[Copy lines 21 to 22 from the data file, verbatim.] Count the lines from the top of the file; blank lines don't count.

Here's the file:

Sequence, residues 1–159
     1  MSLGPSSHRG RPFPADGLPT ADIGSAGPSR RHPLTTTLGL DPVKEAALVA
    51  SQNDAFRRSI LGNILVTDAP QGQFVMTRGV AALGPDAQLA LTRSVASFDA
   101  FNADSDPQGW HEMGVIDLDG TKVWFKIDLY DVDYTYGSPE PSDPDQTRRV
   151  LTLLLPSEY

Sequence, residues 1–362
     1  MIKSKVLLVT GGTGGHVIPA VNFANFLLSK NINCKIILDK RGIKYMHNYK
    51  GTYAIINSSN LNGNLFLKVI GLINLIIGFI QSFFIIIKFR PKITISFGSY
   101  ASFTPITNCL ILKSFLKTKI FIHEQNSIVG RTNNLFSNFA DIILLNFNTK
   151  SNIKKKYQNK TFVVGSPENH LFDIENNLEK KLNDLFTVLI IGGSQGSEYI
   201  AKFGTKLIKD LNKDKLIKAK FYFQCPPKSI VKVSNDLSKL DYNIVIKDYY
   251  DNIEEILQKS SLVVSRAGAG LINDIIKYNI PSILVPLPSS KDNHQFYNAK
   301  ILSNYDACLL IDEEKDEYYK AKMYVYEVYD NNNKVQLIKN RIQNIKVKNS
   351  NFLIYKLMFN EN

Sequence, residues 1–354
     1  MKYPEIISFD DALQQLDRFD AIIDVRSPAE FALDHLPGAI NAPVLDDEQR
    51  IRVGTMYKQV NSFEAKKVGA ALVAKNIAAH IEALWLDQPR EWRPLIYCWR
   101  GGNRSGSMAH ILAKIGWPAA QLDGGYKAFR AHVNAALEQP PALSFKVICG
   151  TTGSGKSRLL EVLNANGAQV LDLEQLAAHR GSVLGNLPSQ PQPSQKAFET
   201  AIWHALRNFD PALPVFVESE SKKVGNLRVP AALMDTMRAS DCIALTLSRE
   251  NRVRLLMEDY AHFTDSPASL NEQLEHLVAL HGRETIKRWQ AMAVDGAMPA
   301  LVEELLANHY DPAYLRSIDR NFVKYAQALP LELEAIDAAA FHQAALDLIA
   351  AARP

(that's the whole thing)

   251  NRVRLLMEDY AHFTDSPASL NEQLEHLVAL HGRETIKRWQ AMAVDGAMPA
   301  LVEELLANHY DPAYLRSIDR NFVKYAQALP LELEAIDAAA FHQAALDLIA